Copyright © 2013 STORY LEAGUE. All Rights Reserved.
Dan Gasiewski is Managing Director of First Person Arts, a storytelling organization in Philadelphia. SM (“Scott”) Shrake is the co-founder and leader of Story League in Washington, D.C.
SS: Why do funny stories almost always work better than serious ones?
DG: I think that people use funny stories more often than serious ones in a StorySlam/contest context, but I don’t agree that they always work better. I think that they’re popular because, as a storyteller, when you get up on stage, especially for the first time, it can be very hard to really open up to a room full of strangers. A silent audience can be very scary for a beginning storyteller — you’re not sure if they’re with you or not.
And of course, if you don’t have confidence, it makes it hard to hold the audience’s attention. Whereas if you tell a joke and they laugh, it’s easy to tell where they are. If your story is quieter, or more emotional, it often takes a more experienced storyteller to tell that story with the confidence it can take to get it across.
SS: Even pretty mundane occurrences can be artsified into a great story if you know what you’re doing.
DG: A serious story takes more careful plotting to keep the audience involved and interested for the whole time, even though what you’re telling them might be something that takes longer to sink in.
With a funny story, even if the story didn’t actually go anywhere, the audience still enjoyed the jokes.
SS: Excremental (poop) and bacchanalian (drunk) stories seem to be perennially popular, regardless of how original they are.
DG: I am always impressed when someone has the wherewithal to tell an emotionally charged story really well. The tension in the crowd is so electric when you can sense them hanging on every word, waiting to see what will happen.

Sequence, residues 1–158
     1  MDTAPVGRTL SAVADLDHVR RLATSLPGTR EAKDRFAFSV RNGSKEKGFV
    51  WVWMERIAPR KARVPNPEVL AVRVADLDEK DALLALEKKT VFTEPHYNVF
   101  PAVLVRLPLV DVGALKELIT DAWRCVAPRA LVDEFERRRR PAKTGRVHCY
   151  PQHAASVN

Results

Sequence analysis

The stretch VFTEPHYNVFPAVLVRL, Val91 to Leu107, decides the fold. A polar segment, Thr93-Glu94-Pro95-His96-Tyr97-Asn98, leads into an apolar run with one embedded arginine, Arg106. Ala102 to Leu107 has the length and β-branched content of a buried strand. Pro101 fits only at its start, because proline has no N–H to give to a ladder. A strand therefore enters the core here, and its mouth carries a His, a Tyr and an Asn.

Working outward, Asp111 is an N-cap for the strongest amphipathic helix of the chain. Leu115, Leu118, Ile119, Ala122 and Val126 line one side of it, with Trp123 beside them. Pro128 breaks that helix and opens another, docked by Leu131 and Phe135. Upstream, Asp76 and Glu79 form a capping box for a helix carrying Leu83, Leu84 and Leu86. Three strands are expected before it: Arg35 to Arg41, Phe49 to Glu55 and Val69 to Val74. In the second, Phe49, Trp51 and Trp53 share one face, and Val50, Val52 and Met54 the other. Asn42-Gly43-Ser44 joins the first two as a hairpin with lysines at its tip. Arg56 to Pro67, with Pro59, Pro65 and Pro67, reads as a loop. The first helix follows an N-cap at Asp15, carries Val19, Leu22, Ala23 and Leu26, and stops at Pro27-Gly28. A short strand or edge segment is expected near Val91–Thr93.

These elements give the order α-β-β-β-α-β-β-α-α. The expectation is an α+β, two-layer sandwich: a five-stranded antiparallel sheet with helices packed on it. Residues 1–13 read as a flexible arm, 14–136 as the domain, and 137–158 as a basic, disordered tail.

SS: People’s first temptation is to tell a story that means a lot to them and those close to them, personally. But no one else cares, usually! So I could tell the story of my bicycle accident where I was scalped, and that is sort of unusual, and the story has a lot of vivid and horrifying details, but… ultimately we’ve all been to the emergency room. It’s just “poor me.”
We’ve also all been in a drunken or sexual misadventure, too. I guess for both you have to have a twist.
DG: To me, that gets to the point that it’s the structure and the telling of the story that makes a great performance. Even if it’s a funny story, if people figure the joke out before you give them the punchline, it’s not funny. If the story is, “I was in a terrible bike accident, and that was not a good day,” there’s no surprise there. There’s no tension or structure to the story. You have to keep them engaged and guessing what’s going to happen, or at least what the emotional payoff of the experience is — throughout the whole story.
SS: So for my accident story, it would have to go to a next level and then flip in the air, much as my body did during the accident!
Like, maybe I fall in love with the person who found my bloody body in the park where it happened… we live happily for a while… then they actually die in their own bicycle accident and I’m not there to save them. That’s not what happened, I’m just using my imagination there.
Speaking of which: How much license can someone in our story business take with the “truth”? The consensus seems to be that there’s the letter of the law and the spirit of the law. This is not sworn testimony in a court case. I think it’s all closer to “Based on a True Story…” Creative non-fiction. Because life is not a movie.
DG: It’s the difference between “memoir” and “History with a capital H” — in a memoir, people are free to tell a story how they remember it — how they want to tell it. History has to stick to the facts, and if it comes down to it, history has to (or at least should) let go of a good story if it can’t be proven. Most of the memoirs that I’ve heard couldn’t possibly be fact-checked. That doesn’t mean that they’re not true, it just means that they’re not history — they are simply a record of one person’s own personal experience.